After watching Sarah Palin shoot rifles, fish with bears, and negotiate crevasses on the first episode of TLC's Sarah Palin's Alaska, you might be inclined to think that this is simply an outdoorsy family show about life in the wilderness with little to no political agenda.
But you would be dead wrong -- at least if the critics have anything to say about it. Here's how they are reacting to the show this morning (and it's kind of a hoot):
Ordinarily, common activities like kayaking, hiking, and fishing wouldn't provide such a transparent lens through which we can understand a person's policies or political intentions. Yet, that's exactly how the following critics are choosing to perceive them on Palin's show.
Here's Kate Harding writing for the LA Times:
Sport fishing, for instance, provides an opportunity to empathize with recession victims: "The only thing more frustrating than not catching a fish," says Sarah, "is sitting there watching everyone else not catching a fish."
Now that is assuming that Palin is astute enough to understand her own metaphor -- something that I'd prefer to wait until Episode 2 before I make any sort of determination.
Alexandria Patri, writing for The Washington Post, reacts to Palin getting stuck on the side of a mountain:
If she ever becomes President Palin, I can imagine a similar moment playing out in a time of foreign policy crisis. "That's what all that foreign policy experience is good for!" one of her aides will say. "I do not have any foreign policy experience!" Palin will shoot back. Then forty-five minutes will pass without any apparent movement.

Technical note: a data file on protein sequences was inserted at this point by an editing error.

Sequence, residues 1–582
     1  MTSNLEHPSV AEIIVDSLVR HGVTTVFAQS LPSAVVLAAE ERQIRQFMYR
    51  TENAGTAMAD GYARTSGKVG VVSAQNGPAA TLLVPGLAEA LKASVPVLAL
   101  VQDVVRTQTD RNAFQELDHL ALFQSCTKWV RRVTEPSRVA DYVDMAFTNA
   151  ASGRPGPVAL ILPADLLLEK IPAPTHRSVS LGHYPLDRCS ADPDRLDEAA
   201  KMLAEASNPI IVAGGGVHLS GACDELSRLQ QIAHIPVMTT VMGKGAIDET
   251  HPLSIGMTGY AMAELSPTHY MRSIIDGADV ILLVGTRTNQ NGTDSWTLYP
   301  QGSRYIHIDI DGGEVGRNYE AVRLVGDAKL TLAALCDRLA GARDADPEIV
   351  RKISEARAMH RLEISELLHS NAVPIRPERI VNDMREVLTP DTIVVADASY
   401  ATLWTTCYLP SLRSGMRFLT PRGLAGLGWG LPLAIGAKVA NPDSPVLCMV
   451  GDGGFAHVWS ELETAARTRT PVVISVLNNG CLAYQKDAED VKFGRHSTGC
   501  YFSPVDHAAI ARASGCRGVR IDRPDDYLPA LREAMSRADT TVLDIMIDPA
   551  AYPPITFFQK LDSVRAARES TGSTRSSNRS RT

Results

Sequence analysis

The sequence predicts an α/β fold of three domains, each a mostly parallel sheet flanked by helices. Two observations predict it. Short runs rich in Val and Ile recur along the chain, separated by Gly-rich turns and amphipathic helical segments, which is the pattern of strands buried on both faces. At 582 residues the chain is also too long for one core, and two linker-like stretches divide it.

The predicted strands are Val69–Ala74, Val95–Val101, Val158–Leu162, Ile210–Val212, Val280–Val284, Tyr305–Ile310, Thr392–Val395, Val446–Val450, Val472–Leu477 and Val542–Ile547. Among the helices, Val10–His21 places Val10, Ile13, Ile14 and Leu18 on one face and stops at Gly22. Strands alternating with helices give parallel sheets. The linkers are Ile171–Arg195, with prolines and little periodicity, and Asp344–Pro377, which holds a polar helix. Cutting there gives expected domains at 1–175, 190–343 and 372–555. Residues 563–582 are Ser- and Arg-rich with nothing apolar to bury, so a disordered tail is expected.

Now I'm not above poking fun at Palin, but this comment is simply unfair (albeit funny).
Finally, Shelley Ross, writing for Newsweek, goes as far as to accuse Palin's show of having not one but seven secret political messages. She actually calls it "a flash of political brilliance."
Palin looks brave but measured, like the kind of commander in chief who could tackle the world's most dangerous leaders with her bare hands. In a rock climbing lesson, we learn her upper body strength comes from “doin’ boys push ups.”
Do you see what's happening here? We're doing the work that Palin herself should be doing. She's simply showing us beautiful Alaskan landscapes and folksy family fun and we're doing the intellectual work behind it all -- reading into it and twisting it around and making her life way more of a political thriller than it ought to or deserves to be.
To quote Cher Horowitz from one of my favorite movies, Clueless: "Searching for a boy in high school is as useless as searching for meaning in a Pauly Shore movie." You follow me? Same thing applies here. Can't we just appreciate this show for what it really is and stop trying to assign any sort of political meaning to it?
What did you think of Sarah Palin's Alaska? Is the show overtly political?
Image via TLC.com